Censorship of the iTunes Store

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Censorship of the iTunes Store refers to external attempts at blocking access to digital content distributed through the iTunes Store.


In 2010, the Australian Labor Party announced its intent to subject the 220,000 mobile apps available on the Australia App Store to Australian Classification Board regulations, which require that developers pay evaluation fees ranging from $470 to $2040.[1] A 2011 article in the Sydney Morning Herald clarified that "Australians will soon be able to complain about mobile game apps they take offence to and get them removed from app stores such as Apple's iTunes if they're deemed 'refused classification'. And if mobile game apps are classified anything above MA15+ and the government doesn't introduce an R18+ games classification (which it plans to vote on in July), then any game app rated over MA15+ will also be refused classification." Sentiments were also expressed over other apps: "What is unclear, however, is how the Classification Board will classify apps that aren't necessarily games like Grindr, an app for gay users which uses [GPS] to find nearby males".[2]


The China App Store was affected by connection-level censorship until an unknown point in time when Apple enabled a HTTPS-by-default configuration.[3] Searches for 'VPN', for example, would cause the connection to be reset.[3]

According to the Global Times, the Ministry of Industry and Information Technology said on 13 December 2012 that it planned to "strengthen regulation of China's mobile applications market" in the near future.[4] The Shanghai-based IT Times quoted Chen Jinqiao as saying that the plans included "[bringing] app developers under supervision and [establishing] a real-name registration system for independent developers.[4]

In 2013, Apple pulled several apps from the China App Store for containing books banned by the government.[5][6] Several apps enabling users to bypass the Great Firewall and access restricted sites in China were also removed later.[7] The Apple News application bundled with iOS 9 is disabled in China for all users as well, of which all contents, including the articles already downloaded to the device, are not available to read in China.[8]

Apple's iBooks and iTunes Movies, available in China since September 2015, were both shut down in China in April 2016, less than seven months after the launch.[9][10] The services were disabled by the State Administration of Press, Publication, Radio, Film and Television of China after the authority introduced regulations imposing strict curbs on online publishing, particularly for foreign firms.[10][11][12][13] Apple said in response that they hope to restore the services in China "as soon as possible".[10][13]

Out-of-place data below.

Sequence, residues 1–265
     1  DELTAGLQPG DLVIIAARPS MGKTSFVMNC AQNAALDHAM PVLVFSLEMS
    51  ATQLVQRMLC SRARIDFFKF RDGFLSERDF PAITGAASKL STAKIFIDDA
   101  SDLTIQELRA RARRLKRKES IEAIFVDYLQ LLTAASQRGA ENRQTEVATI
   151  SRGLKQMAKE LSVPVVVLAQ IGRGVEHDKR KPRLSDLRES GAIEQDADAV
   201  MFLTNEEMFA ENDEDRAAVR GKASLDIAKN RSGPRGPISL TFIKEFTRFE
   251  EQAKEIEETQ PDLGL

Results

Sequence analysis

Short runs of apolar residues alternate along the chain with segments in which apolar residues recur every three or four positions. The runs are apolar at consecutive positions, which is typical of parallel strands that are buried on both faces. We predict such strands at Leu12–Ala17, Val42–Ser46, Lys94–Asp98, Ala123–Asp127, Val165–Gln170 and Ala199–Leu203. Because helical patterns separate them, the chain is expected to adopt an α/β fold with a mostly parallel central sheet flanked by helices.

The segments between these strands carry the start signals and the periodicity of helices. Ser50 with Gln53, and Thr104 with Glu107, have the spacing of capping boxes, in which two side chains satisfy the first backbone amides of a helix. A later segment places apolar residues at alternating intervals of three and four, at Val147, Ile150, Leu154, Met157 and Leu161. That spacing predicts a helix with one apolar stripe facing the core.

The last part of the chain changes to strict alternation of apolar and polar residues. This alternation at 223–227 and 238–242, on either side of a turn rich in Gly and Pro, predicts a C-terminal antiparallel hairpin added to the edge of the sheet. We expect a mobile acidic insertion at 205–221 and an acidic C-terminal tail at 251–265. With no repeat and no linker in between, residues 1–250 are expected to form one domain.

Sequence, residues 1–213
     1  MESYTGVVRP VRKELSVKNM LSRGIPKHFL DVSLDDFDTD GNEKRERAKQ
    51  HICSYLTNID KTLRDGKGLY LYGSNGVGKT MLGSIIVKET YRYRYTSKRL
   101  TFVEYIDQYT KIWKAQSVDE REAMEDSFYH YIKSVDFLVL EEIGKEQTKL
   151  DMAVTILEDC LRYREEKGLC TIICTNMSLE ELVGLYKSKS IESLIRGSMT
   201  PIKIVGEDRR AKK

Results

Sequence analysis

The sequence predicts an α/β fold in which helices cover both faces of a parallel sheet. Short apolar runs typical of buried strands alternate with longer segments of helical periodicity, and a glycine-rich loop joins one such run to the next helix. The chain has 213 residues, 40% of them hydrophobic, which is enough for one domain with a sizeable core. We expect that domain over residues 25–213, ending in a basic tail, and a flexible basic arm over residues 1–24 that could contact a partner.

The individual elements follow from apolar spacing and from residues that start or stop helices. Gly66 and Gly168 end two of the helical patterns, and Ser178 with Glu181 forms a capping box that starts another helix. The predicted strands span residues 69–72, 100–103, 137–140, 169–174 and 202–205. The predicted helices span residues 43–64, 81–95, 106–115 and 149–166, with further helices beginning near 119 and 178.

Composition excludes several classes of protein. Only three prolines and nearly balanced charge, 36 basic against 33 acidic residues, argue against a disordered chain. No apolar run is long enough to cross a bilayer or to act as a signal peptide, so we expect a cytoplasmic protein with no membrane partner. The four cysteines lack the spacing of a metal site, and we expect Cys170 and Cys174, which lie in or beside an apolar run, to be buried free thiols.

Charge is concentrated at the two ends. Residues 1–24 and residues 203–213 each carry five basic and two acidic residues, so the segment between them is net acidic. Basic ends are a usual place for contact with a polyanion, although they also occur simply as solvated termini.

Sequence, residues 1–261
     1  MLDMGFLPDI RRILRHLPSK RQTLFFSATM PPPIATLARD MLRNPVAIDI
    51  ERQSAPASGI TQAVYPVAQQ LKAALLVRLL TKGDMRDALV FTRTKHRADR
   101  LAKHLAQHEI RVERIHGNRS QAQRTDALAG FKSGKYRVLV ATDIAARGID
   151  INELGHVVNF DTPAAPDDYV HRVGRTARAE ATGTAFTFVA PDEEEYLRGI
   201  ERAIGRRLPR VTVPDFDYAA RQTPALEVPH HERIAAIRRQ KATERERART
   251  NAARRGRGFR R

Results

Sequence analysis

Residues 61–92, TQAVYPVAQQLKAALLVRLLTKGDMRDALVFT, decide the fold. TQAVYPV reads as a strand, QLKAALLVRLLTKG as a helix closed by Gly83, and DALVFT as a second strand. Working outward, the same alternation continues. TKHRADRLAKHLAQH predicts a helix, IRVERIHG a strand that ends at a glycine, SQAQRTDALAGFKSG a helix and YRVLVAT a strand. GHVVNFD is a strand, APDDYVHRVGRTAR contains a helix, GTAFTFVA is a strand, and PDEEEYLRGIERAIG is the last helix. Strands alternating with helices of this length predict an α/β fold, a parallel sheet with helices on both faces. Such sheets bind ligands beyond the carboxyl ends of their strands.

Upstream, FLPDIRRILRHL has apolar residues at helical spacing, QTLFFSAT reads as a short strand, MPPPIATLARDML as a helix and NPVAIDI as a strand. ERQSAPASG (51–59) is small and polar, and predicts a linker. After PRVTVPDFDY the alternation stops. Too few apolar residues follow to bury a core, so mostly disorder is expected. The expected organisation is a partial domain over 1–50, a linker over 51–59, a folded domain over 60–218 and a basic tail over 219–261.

1. ^ Bodey, Michael (16 August 2010). "Apps and games to face censor, says ALP". The Australian. Retrieved 2 June 2013.
  2. ^ Grubb, Ben (9 March 2011). "Government to censor iTunes app store". The Sydney Morning Herald. Retrieved 2 June 2013.
  3. ^ a b Muncaster, Phil (21 December 2012). "Apple shifts iTunes to HTTPS, sidesteps China's censors". The Register. Retrieved 2 June 2013.
  4. ^ a b Yang, Chen (13 December 2012). "MIIT to tighten app regulations". Global Times. People's Daily. Retrieved 2 June 2013.
  5. ^ "Apple Pulls Bookstore App in China Over Illegal Content, FT Says". Bloomberg.com. Retrieved 22 April 2016.
  6. ^ Anderlini, Jamil (4 April 2013). "Apple bars China app for 'illegal' content". Financial Times. ISSN 0307-1766. Retrieved 22 April 2016.
  7. ^ CNN, By Tim Hume and Feng Ke. "Apple slammed in China for pulling firewall-busting app OpenDoor - CNN.com". CNN. Retrieved 22 April 2016.
  8. ^ "Apple has disabled the Apple News app in China". Business Insider. Retrieved 22 April 2016.
  9. ^ "Apple – Press Info – Apple Brings Apple Music, iTunes Movies & iBooks to Customers in China Starting Today". www.apple.com. Retrieved 22 April 2016.
  10. ^ a b c "Apple's iBooks store and iTunes movie services go dark in China". Business Insider. Retrieved 22 April 2016.
  11. ^ Mozur, Paul; Perlez, Jane (21 April 2016). "Apple No Longer Immune to China's Scrutiny of U.S. Tech Firms". The New York Times. ISSN 0362-4331. Retrieved 22 April 2016.
  12. ^ "Apple's iTunes Movies, iBooks Store reportedly shut down in China". VentureBeat. Retrieved 22 April 2016.
  13. ^ a b "Apple says iTunes Movies, iBooks services closed down in China". The Business Times. Retrieved 22 April 2016.